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Feature Articles: Food, Fitness and Cooking and Produce

 

Ready, Set, Go! Barbecue

Karma Metzgar, C.F.C.S., regional director, Northwest Region, University of Missouri Extension

 

While some save barbecuing for summer, we strike up the grill nearly every week of the year - if I don’t let the grill tank run out of gas.
 

I consider myself a fairly plain griller. Put the food on the grill, turn occasionally, and get it on the plate before it’s a burnt offering! Sometimes I like to baste for added flavors. Others like to marinade or marinate their foods. It’s really a matter of how far you plan ahead.
 

What does marinade or marinate mean? Marinade is a seasoned liquid mixture that adds flavor and in some cases helps tenderize. Some marinades are homemade mixtures. Other times they are bottled dressings or sauces. Marinate means to steep the food in a marinade. If the meat is a tender cut, marinate it for a short time, or you’ll have a mushy, soft entree!
 

Whenever marinating, do it in the refrigerator. If your recipe calls for basting the cooking meat with marinade, reserve some of the mixture which HAS NOT been in contact with the raw meat. Otherwise, you are contaminating cooked meat with raw meat juices - a food safety NO-NO. Instead of using a basting brush to apply the marinade, to prevent cross-contamination, try applying with a spray bottle or a bottle with a squirt top.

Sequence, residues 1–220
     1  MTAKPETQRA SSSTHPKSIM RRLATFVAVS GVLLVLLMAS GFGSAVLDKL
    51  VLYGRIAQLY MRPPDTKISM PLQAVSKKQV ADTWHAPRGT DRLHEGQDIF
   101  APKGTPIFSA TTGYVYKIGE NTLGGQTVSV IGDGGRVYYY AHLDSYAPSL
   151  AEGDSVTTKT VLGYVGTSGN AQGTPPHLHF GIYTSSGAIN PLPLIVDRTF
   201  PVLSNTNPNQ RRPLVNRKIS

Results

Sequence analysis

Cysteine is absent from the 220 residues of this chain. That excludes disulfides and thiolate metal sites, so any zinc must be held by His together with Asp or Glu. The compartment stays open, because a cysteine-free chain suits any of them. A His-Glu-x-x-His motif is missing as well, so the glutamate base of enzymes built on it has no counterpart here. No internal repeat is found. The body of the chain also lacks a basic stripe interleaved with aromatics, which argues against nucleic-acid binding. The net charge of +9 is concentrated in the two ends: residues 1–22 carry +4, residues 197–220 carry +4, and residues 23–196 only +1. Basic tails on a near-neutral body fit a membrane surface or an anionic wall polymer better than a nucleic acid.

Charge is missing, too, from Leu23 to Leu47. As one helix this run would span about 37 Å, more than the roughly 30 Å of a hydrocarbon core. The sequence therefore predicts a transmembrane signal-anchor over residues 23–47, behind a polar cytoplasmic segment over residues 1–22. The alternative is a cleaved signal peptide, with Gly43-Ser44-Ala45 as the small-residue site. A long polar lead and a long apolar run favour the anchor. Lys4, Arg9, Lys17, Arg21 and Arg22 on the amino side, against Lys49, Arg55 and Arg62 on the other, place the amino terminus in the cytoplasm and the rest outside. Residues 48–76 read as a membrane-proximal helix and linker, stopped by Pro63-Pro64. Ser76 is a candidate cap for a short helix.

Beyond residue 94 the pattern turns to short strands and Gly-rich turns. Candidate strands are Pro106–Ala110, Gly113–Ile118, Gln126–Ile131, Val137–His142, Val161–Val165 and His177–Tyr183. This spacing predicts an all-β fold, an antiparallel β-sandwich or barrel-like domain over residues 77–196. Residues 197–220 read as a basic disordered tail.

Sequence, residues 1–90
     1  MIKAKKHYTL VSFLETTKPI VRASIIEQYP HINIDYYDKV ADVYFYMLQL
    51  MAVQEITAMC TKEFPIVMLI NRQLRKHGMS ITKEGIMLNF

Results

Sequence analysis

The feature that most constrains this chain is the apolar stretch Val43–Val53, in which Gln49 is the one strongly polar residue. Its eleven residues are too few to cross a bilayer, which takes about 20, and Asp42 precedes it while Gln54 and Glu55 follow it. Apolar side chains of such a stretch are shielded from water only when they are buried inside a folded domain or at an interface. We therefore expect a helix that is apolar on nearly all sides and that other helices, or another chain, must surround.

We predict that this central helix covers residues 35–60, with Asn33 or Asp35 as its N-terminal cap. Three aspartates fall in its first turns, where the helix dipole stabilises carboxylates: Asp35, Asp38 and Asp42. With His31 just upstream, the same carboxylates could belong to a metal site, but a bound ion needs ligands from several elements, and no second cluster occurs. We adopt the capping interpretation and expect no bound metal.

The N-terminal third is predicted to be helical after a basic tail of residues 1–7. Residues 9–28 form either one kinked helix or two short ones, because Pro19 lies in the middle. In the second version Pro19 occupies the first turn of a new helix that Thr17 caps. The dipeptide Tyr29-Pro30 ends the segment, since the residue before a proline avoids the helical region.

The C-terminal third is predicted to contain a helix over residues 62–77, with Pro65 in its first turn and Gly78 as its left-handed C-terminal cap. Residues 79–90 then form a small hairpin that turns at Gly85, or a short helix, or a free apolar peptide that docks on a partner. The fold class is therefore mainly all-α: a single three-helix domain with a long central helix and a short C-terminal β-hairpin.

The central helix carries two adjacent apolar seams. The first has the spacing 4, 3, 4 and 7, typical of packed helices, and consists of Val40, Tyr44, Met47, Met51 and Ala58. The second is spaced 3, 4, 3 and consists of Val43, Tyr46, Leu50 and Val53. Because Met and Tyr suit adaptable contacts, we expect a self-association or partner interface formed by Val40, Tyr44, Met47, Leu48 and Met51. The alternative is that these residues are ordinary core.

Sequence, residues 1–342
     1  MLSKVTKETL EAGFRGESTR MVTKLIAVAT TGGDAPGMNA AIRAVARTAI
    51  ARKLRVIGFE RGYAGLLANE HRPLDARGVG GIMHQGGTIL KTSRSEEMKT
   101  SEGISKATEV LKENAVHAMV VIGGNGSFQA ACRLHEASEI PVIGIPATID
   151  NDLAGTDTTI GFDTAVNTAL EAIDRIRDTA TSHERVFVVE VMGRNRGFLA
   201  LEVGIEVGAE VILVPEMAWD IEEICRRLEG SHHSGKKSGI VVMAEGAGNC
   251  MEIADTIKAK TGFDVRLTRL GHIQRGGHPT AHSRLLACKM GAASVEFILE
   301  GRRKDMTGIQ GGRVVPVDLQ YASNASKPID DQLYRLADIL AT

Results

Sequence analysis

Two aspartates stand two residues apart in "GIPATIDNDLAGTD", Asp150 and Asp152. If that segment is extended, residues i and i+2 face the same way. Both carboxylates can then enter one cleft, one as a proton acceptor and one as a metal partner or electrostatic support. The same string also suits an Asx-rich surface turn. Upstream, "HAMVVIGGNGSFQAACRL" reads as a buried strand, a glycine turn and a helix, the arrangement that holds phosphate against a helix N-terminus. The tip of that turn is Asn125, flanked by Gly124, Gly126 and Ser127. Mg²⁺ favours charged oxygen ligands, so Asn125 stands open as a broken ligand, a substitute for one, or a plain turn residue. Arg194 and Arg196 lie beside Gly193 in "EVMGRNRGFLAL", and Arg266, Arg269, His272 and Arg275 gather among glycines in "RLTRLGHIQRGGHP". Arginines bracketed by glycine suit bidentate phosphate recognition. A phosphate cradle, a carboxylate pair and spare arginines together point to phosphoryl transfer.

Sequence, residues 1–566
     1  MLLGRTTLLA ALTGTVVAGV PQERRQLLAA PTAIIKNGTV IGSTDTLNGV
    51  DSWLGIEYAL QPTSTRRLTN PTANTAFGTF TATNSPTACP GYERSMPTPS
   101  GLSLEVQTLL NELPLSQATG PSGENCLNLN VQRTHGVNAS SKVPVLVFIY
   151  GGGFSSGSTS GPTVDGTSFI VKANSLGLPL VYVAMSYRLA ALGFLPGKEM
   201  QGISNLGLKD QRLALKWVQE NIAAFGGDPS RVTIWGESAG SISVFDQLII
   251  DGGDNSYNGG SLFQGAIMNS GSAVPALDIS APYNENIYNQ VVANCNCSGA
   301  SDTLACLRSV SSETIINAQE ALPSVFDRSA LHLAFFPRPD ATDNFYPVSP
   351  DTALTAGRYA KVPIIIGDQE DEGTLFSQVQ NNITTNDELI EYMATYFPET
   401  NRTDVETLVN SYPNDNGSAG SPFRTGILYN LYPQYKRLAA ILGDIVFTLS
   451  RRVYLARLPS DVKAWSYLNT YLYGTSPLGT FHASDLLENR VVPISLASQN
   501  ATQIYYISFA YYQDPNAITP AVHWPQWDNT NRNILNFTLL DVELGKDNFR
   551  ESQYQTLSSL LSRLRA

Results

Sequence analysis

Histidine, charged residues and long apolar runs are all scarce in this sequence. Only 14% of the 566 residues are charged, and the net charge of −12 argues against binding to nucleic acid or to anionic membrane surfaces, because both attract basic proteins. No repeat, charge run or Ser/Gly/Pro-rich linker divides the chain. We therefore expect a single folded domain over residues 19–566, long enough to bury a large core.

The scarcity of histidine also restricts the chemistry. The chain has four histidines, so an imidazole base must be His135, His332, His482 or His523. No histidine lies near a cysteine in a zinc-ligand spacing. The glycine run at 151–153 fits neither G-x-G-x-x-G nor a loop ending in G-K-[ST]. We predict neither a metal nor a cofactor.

The same contamination can happen when the plate, which held the raw meat, is used for the cooked meat. Also avoid using the fork or turner which touched the raw meat to turn or check the cooked meat. It’s best to use a different turner each time or rinse with warm soapy water in between uses.
 

A favorite homemade basting sauce of mine is one Vilas Young, retired University Extension Area Director, shared with me years ago. Many Extension events featured this with pork chops, however, I like to use it on chicken, fish, pork and beef. I also use it to baste vegetables. It’s delicious multi-purpose sauce and it’s inexpensive to make.
 

Multi-Purpose Basting Sauce


(three-fourths) cup wine vinegar
3 tablespoons cooking oil
3 tablespoons finely chopped green peppers
1 tablespoon salt (optional)
1 can (6 ounce) frozen pineapple juice concentrate
(one-half) cup dark brown sugar
1 (one and one-half) teaspoons soy sauce (optional)

 
Combine all ingredients and simmer for 15 minutes. This is enough sauce for about 25 3-5 ounce portions of meat. I generally reserve what I need at the time for basting and refrigerate any remaining sauce, planning to use within 2 weeks.
 

Cook the meat on medium coals or heat. Baste on each side the last 15 minutes of cooking. If you use this sauce as a marinade, turn the meat frequently to prevent burning as the sugar content is high and browns (and burns) easily.
 

Some tips to successful grilling are to use a medium heat, trim excess fat to avoid flair-ups, and to use a thawed product.
 

While you have the grill going for your entree, include the fruits and vegetables too. My favorites to grill are peppers, onions, cherry tomatoes, mushrooms, pineapple chunks, and new potatoes. These are easy to put on skewers and keeps the heat out of the kitchen.
 

If you have questions about barbecue food safety, call your local University Extension Center or the USDA Meat and Poultry Hotline at 1-800-535-4555.

 

 

 

 

 

 

Last update: Monday, April 19, 2010

 

 

 

 


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